In 2011, she was all set for another cross-country trip to Denver for the English Cocker Spaniel Club of America national specialty. Amtrak prohibits dogs, so Pat abandoned the idea of a train and decided to drive in her Jeep. Everything was coming together perfectly for a dream trip, until one of those New York city consultations revealed an inoperable recurrence of her stage IV rectal cancer. There were tumors in her lung and in her lower spine. Her oncologist confirmed metastatic cancer in her spine and hipbones. A weekly chemotherapy regimen abruptly ended those carefully thought out plans for a six week cross-country road trip. How Pat cursed chemo for ruining her summer vacation, but she found consolation in learning that the tumors were shrinking. Her strength was returning, so much so that she felt strong enough to travel to New York for treatments. Her routines of writing and lunches with friends were once again part of her life. And, she had all those Amtrak rewards to use later.
The ironies of cancer are beyond cruel. Throughout Pat’s treatment and in her advocacy work, she always cautioned other patients to be prepared for the speed at which things can change in Stage 1V colorectal cancer. With a living will and an advanced directive, Pat was “officially” prepared. Her family knew her wishes. But Pat was wholly unprepared for the rapidity of cancer’s final, painful assaults on her body. In No More Room in the Bucket she wrote that it took not even one month for her “to morph from full-time functional adult who could drive herself around to full-time cancer patient who is mostly bedridden.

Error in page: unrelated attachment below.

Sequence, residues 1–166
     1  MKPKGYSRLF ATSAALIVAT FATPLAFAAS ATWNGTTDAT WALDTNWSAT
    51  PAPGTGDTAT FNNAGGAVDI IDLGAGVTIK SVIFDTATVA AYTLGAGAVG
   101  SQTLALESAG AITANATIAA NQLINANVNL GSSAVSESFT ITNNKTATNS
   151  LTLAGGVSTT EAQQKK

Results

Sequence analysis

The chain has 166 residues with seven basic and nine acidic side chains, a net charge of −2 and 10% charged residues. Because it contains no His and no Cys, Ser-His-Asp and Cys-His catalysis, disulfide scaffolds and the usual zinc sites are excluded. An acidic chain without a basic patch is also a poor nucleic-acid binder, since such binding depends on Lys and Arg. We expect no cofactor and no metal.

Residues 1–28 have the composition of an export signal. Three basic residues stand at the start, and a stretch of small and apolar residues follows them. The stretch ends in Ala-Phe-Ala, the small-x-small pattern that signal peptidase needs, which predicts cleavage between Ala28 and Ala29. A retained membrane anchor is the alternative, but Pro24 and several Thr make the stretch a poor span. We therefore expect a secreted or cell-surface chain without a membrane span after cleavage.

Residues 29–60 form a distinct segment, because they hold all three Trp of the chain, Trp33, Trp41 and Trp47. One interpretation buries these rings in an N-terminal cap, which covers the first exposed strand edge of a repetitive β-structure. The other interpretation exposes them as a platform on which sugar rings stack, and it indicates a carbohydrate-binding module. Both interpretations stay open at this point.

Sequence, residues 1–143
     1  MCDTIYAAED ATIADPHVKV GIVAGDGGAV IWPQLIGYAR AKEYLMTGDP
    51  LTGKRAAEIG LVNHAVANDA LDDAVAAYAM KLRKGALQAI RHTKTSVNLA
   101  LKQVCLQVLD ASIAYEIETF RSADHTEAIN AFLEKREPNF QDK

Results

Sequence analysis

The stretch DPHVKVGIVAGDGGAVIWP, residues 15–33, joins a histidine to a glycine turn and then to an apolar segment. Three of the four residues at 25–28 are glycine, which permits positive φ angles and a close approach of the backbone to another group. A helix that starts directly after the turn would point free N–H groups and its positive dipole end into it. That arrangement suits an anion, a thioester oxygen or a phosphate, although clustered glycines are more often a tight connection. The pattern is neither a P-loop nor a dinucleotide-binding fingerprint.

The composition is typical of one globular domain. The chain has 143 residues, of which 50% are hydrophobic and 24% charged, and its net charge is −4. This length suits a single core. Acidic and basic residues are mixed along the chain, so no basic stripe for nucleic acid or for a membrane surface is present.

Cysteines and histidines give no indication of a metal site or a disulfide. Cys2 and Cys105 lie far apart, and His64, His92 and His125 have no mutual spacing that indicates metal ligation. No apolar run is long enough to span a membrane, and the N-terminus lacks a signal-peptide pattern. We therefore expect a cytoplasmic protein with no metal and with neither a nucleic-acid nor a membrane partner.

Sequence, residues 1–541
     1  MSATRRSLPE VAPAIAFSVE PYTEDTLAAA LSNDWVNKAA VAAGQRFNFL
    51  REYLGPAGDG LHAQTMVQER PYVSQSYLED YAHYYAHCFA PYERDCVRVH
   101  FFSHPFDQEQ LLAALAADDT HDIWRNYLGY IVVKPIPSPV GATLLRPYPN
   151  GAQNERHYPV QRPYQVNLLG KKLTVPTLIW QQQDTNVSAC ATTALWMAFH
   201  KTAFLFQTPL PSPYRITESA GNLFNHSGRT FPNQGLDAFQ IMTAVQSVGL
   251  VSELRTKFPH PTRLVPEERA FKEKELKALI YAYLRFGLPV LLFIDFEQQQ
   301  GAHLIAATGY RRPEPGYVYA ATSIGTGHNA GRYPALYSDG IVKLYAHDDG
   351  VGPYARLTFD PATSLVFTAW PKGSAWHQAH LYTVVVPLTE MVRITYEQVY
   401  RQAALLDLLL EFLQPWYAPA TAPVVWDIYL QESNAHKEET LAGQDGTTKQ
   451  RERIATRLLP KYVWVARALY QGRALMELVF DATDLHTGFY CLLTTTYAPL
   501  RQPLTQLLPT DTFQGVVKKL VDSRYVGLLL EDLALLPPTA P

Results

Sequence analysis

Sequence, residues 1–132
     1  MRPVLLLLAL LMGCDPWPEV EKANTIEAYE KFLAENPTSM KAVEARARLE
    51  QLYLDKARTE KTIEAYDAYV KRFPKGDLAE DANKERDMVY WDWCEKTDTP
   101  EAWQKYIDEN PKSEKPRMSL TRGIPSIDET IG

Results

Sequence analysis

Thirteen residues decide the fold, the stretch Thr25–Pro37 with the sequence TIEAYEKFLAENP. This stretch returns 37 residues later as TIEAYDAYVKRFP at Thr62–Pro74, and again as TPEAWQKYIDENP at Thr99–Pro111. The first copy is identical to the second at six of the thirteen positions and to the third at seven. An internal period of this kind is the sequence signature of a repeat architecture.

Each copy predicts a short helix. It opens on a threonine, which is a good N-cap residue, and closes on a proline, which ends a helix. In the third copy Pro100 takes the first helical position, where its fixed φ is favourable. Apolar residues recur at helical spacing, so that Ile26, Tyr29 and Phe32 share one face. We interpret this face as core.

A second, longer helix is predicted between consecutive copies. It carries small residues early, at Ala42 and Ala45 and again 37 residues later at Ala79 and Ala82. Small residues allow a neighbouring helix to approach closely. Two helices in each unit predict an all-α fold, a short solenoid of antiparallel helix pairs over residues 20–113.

I was done
Pain control became paramount, and in consultation with her team, she chose to stop treatment. She blogged about it at Life out Loud: Surviving Cancer Living Life where I discovered she had been held aloft, as I have, by virtual connections and the sheer kindness of online friends, including a woman she had never met who created a virtual tour of Seville, Spain for her, complete with well-wishes from Spanish waiters.
Summer is already in the air again in Phoenix, and I have begun to prepare mentally for a break away from the city and into the cool fog of California. Tonight, I am thinking of Pat Steer and her bucket list; Pat Steer who wanted so little.
As you consider the gift of just one day without pain, consider Pat Steer. I never knew her, but I will always remember her.